While intelligence is mostly known for its classified nature, a good portion of intelligence work is conducted using open source methods. OSINT, or open-source intelligence as it is referred to, is a valuable tool critical to any bit of analysis. A responsible intelligence analyst always takes into consideration the OSINT available. While it cannot (or should not) be used to reveal the sources and methods behind sensitive intelligence collection techniques, OSINT often provides the context, perspective, and background information the analyst needs in order to make an accurate intelligence assessment.
On that note, the Central Intelligence Agency maintains a website, available to the public, that provides a myriad of great info for any readers interested in learning more about intelligence, becoming an intelligence officer, or learning how intelligence has played a role in determining our foreign policy since the time of George Washington: Consider it your open source gateway to all the context, perspective, and background information you need to build an accurate picture of the craft of intelligence.
As with anything else in life, there is often far too much to do and not enough time to do it. The same applies to the amount of reading material on this list. Regardless, the CIA’s Suggested Reading List, under Intelligence Literature, is a valuable resource not to be overlooked. It contains an extensive list of intelligence literature that provides “a wide spectrum of views on intelligence and the Central Intelligence Agency… [covering] history, technology, opinion, and… key personalities associated with intelligence.”
A few topics of interest the list covers include:
- World War II and before
- the CIA and the days of the OSS
- Biographies and memoirs of CIA officers
- Counterintelligence operations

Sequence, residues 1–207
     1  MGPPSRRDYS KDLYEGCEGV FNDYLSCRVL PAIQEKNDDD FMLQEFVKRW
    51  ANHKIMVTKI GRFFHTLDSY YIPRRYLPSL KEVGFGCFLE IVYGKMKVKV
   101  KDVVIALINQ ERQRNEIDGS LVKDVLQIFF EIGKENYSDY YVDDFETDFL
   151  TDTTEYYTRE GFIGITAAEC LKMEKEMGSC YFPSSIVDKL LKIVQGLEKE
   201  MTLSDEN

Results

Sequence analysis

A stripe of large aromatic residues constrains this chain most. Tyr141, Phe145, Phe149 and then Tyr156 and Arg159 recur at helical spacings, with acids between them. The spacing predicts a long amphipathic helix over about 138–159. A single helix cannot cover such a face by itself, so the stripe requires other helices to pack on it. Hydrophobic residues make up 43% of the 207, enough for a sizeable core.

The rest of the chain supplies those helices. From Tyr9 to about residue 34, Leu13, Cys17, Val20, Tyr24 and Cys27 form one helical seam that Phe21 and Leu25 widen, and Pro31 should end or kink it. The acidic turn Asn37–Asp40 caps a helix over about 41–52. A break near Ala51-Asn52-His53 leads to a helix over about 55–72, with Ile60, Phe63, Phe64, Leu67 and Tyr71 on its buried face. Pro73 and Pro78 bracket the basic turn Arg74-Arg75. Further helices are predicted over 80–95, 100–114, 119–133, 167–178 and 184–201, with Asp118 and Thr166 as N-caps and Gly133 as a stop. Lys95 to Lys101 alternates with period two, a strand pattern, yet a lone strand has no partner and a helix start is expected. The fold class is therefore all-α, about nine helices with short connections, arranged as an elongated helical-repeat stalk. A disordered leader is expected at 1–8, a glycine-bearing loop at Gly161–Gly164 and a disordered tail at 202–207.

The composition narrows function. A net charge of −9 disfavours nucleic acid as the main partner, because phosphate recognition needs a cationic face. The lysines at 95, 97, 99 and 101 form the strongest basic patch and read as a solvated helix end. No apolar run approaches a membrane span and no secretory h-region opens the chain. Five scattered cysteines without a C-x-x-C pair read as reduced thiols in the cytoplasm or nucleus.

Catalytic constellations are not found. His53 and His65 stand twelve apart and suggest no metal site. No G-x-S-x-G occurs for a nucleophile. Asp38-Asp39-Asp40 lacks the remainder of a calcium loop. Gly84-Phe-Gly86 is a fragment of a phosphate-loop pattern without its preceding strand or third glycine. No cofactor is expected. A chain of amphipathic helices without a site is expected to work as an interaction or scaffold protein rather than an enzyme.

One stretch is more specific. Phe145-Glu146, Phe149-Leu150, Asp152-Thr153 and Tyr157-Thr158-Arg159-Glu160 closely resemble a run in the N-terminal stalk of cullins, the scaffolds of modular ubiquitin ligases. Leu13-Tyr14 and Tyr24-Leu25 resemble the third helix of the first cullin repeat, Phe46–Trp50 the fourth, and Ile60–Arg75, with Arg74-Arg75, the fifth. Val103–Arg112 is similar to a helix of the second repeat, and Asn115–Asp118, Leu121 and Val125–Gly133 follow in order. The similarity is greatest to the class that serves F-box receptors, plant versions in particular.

- Covert action operations
- the War on Terror
Suggested Reading List
From this list, I have only read about nine of the selections (after ingesting countless reports for a living you can only take so much more reading). A few good titles that I have enjoyed (not exclusively from CIA’s list) are below, with links to Amazon that provide more info on the books themselves. I also provided some commentary for the works I felt were the most fundamental to understanding intelligence.
The Craft of Intelligence, by Allen Dulles
Probably the most fundamental work on intelligence as a craft. The book is very well structured and provides a great foundation for the understanding of intelligence. Parts of it are a bit dry, but finishing it gives readers all the info they need to press into more complex intelligence operations, disciplines, and analysis. Definitely an intel “classic.”
For the President’s Eyes Only: Secret Intelligence and the American Presidency from Washington to Bush, by Christopher Andrews
I haven’t started this one yet, but have heard great things. It’s often said that intelligence is the world’s second-oldest profession, and this book supposedly does a great job of demonstrating its utility going back to the days of the Revolutionary War.
First In: An Insider’s Account of How the CIA Spearheaded the War on Terror In Afghanistan, by Gary Schroen
“First In” describes the covert CIA efforts to unite the Afghan Northern Alliance in the fight against the Taliban immediately following 9/11. It reads like a thriller, yet it is an actual firsthand account of the work completed by CIA officers to set the stage for follow-on military operations. These guys were in-country prior to any military forces and did tremendous work building a solid foundation from which effective U.S. military operations could be waged.
The Book of Honor: The Secret Lives and Deaths of CIA Operatives, by Ted Gup
This is probably my favorite read on Agency operations because it highlights the human elements of intelligence, including the trials and tribulations our nation’s unknown heroes have gone through on our behalf. It was originally recommended to me by a CIA case officer as the go-to book to have your family read before you pursued a career with the Agency. It is well worth the read; I’ll let the book speak for itself.
Read Next: Finding needles in haystacks: The future of military intelligence?
Jawbreaker: The Attack on Bin Laden and Al-Qaeda: A Personal Account by the CIA’s Key Field Commander, by Gary Bernsten
See No Evil: The True Story of a Ground Soldier in the CIA’s War on Terrorism, by Robert Baer
The Puzzle Palace: Inside the National Security Agency, America’s Most Secret Intelligence Organization, by James Bamford
Class 11: My Story Inside the CIA’s First Post-9/11 Spy Class, by TJ Waters
Psychology of Intelligence Analysis, by Richard Heuer
Intelligence: From Secrets to Policy, by Mark Lowenthal
Disclaimer: SOFREP is in no way suggesting you go out and buy these books, not unless you genuinely want to read them in an effort to learn more! I am also not affiliated with the CIA, or its reading list, in any way. I am just an intelligence professional seeking to learn more about my craft. Happy reading and thanks for listening.
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